I argued in yesterday’s post that copyright burdens speech. Not all who posted comments agreed, but assuming I’m correct (and I’m not the only one to make that claim; others, including Eugene Volokh, have made similar arguments), what, if anything, should be done about it?
Sometimes the law burdens speech for very good reason, such good reason that we favor the law over the speaker. The obvious, regularly noted example is forbidding falsely crying “fire” in a crowded theater. Laws against defamation, false advertising, misleading securities filings, and incitement to immediate violence are others, as are prohibitions on using sound trucks in a residential neighborhood and blasting music above a certain decibel level at an outdoor rock concert.
Moreover, even if we do not believe that the burden on speech is justified (I realize, of course, that “we” is artificial since people often don’t agree – see the comments to my last post!), that does not necessarily mean that the First Amendment as currently interpreted forbids the speech burden. The First Amendment provides that “Congress shall make no law … abridging freedom of speech.” But First Amendment doctrine is highly complex and First Amendment protections far more qualified than the amendment’s sweeping, absolute language suggests.
For that reason, I distinguish in my book between First Amendment doctrine and free speech policy. For example, I think First Amendment doctrine provides that Congress may not abolish the fair use defense because that would constitute an unconstitutional abridgement of speech. But free speech policy – or First Amendment “values” -- might go further. In order for copyright law to best promote First Amendment values, including the value of expressive diversity, courts should interpret fair use broadly and Congress should limit copyright holders’ exclusive rights to prevent them from using copyright as a vertical restraint to suppress competition from new media. Courts and Congress should do that even if the First Amendment does not require it.
Courts have recognized that copyright can abridge speech, but they have almost never actually imposed First Amendment limitations on copyright. In Eldred v. Ashcroft, the Supreme Court held that when “Congress has not altered the traditional contours of copyright protection, further First Amendment scrutiny is unnecessary.” In so holding, the Court strongly suggested that the idea/expression dichotomy and fair use doctrine are critical free speech safeguards within copyright law, that without them, copyright would run afoul of the First Amendment.
As I argue in Copyright's Paradox, I think the Eldred decision is very poorly reasoned and perpetuates copyright’s anomalous treatment in First Amendment doctrine. After all, other legal regimes, including defamation, right to privacy, trademark, the right of publicity, and others, have built-in protections for speech, but courts have nevertheless constitutionalized them, imposing First Amendment constraints to make certain that they don’t unduly burden speech. First Amendment limits are especially warranted in copyright given that the idea/expression dichotomy and fair use doctrine are notoriously arbitrary and indeterminate. At the very least, the First Amendment should be applied to make sure that copyright’s internal free speech safeguards actually do their job.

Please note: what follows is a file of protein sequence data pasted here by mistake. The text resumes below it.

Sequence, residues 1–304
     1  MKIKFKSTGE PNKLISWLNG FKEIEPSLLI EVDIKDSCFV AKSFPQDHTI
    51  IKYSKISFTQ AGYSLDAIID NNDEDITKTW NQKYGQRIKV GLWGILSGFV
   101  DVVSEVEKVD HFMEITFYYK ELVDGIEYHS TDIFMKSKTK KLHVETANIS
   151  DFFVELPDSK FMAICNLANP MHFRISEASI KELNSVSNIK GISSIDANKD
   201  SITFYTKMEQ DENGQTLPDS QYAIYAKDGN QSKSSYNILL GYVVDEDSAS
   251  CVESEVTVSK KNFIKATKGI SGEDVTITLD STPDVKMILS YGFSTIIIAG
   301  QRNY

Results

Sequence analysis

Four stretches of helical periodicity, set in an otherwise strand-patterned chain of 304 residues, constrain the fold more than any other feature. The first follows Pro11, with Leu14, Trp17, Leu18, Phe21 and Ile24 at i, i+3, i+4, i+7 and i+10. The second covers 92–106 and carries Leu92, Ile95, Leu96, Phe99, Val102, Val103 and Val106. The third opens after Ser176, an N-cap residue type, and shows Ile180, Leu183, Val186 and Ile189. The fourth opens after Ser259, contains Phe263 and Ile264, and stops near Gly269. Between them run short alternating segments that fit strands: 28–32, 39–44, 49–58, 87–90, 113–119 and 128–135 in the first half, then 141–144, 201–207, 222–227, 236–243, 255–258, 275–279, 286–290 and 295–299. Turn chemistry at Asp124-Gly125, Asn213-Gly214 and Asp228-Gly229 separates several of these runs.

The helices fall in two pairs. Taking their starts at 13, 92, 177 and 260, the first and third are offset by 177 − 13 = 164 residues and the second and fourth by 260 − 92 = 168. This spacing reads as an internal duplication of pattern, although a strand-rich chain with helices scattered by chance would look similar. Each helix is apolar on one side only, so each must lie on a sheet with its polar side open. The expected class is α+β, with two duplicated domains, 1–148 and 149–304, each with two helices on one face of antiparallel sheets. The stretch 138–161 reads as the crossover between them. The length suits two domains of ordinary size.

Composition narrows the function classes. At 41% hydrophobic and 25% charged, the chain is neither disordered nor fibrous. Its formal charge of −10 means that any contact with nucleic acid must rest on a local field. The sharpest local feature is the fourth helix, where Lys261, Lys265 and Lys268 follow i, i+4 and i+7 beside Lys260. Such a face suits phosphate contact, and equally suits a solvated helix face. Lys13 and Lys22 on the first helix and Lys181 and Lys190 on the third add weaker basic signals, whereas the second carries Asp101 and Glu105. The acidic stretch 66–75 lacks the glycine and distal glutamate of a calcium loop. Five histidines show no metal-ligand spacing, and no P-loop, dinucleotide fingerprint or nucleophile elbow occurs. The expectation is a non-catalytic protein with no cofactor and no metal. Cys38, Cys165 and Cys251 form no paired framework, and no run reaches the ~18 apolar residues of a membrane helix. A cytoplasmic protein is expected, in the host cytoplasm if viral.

Last September, the 10th Circuit Court of Appeals held that Congress’ restoration to copyright of certain works already in the public domain alters the traditional contours of copyright protection and thus must be subject to First Amendment scrutiny. The Court reasoned that the idea/expression dichotomy and fair use are inadequate free speech safeguards vis-à-vis removing works from the public domain. It remanded the case to the district court to determine whether the Restoration Act is a content-based or content-neutral speech restriction, and thus whether strict scrutiny or some form of intermediate scrutiny should apply.
Whether the Copyright Act is a content-based or content-neutral speech restriction under First Amendment doctrine is a complex question, which I have previously debated with Eugene. (I think it’s content-neutral.) But whichever the courts determine, it is clear that Copyright Act amendments that alter copyright’s traditional contours should be held to run afoul of the First Amendment when copyright’s internal free speech safeguards provide inadequate protection. As I argue in my book, the anticircumvention provisions of the Digital Millennium Copyright Act, which the legislative history refers to “paracopyright,” should be ripe for First Amendment challenge.